Zimbabwe says 55 elephants died from starvation after drought

The animals died near waterholes dotted around the Hwange National Park.

    Zimbabwe says 55 elephants died from starvation after drought
    Investigations showed dozens of elephants perished from a lack of food and water in the park [File: Reuters]

    At least 55 elephants have died in a wildlife reserve in western Zimbabwe since September from starvation caused by severe drought.

    Zimbabwe Parks and Wildlife Management Authority (Zimparks) spokesman Tinashe Farawo said the animals perished near waterholes dotted around the Hwange National Park, a sign they travelled long distances to access water.

    Investigations showed at least 55 elephants died from lack of food and water in the park, which holds the biggest elephant herd of 50,000 animals.

    "The situation is dire. The elephants are dying from starvation and this is a big problem," Farawo said.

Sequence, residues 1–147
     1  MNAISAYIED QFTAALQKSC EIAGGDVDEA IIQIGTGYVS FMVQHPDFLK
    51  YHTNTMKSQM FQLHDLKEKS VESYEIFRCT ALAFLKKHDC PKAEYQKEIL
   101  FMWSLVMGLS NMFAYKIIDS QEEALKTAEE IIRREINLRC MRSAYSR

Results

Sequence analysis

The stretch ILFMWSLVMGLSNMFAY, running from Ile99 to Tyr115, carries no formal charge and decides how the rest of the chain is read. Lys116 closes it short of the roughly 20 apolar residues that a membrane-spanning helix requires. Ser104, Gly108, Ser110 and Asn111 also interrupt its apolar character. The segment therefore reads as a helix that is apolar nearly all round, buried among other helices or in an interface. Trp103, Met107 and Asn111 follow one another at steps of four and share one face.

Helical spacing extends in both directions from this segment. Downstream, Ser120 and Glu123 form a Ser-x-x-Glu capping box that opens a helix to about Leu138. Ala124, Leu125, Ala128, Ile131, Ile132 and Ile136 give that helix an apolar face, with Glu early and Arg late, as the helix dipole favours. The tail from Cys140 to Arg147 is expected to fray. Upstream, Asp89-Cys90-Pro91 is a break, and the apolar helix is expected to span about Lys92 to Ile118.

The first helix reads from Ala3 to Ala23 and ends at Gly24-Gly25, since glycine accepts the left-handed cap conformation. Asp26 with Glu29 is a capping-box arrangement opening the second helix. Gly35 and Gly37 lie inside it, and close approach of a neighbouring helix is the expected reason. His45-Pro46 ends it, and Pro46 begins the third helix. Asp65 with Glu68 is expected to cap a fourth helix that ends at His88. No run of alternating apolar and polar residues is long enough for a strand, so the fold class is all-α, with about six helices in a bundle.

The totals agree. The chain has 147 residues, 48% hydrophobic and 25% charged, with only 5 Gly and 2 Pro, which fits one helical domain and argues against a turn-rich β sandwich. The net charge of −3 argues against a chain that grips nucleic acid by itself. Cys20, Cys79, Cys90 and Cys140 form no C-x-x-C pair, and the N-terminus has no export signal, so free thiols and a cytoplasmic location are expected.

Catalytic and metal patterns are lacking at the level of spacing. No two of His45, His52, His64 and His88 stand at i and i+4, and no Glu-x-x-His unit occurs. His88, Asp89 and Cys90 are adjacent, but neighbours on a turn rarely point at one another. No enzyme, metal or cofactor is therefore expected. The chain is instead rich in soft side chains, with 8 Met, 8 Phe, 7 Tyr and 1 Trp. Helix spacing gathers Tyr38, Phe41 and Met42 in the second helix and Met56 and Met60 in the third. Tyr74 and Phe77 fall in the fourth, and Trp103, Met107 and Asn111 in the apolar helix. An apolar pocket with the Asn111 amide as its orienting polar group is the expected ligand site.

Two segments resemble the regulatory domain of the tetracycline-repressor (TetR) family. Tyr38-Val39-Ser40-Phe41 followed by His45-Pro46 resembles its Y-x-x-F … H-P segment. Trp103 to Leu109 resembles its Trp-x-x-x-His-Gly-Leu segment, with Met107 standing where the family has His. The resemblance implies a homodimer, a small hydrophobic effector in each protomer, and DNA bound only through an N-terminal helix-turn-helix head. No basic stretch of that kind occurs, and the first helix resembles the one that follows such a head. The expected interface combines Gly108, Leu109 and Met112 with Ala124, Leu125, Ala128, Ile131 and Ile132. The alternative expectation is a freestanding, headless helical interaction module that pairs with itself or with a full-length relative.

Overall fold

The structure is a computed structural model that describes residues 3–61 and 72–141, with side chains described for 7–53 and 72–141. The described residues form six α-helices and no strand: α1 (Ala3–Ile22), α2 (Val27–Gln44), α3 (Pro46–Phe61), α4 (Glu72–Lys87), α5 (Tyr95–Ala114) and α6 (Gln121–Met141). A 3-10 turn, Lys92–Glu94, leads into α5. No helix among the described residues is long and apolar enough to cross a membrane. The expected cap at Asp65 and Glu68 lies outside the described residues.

Farawo said there was "massive destruction" of vegetation in Hwange caused by elephants, which were also foraying in villages near the game park, increasing human-wildlife conflict.

    More than 200 people have died from elephant attacks in the past five years, according to Zimparks.

    The agency was looking to drill more boreholes in Hwange because some existing ones had dried up but it lacked the money, said Farawo. The agency does not get funding from the government.

    Animals for sale

    Zimbabwe has in the past sold baby elephants to China saying it needed the money for conservation in Hwange, where the elephant population is three times the park's carrying capacity.

    In 2016, Zimbabwe put its wild animals up for sale, saying it needed buyers to step in and save the beasts from another devastating drought.

    With support from neighbours Botswana, Namibia, and South Africa, Zimbabwe failed to lobby the Convention on International Trade in Endangered Species (CITES) to lift a ban on ivory trade at a meeting in August.

    Zimbabwe says its ivory stockpile is worth $300m, money it can use for conservation.

    El Nino-induced drought has cut maize output by more than half in the country, leaving one-third of the human population also needing food aid.

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    Who's killing the elephants?

    SOURCE: Reuters news agency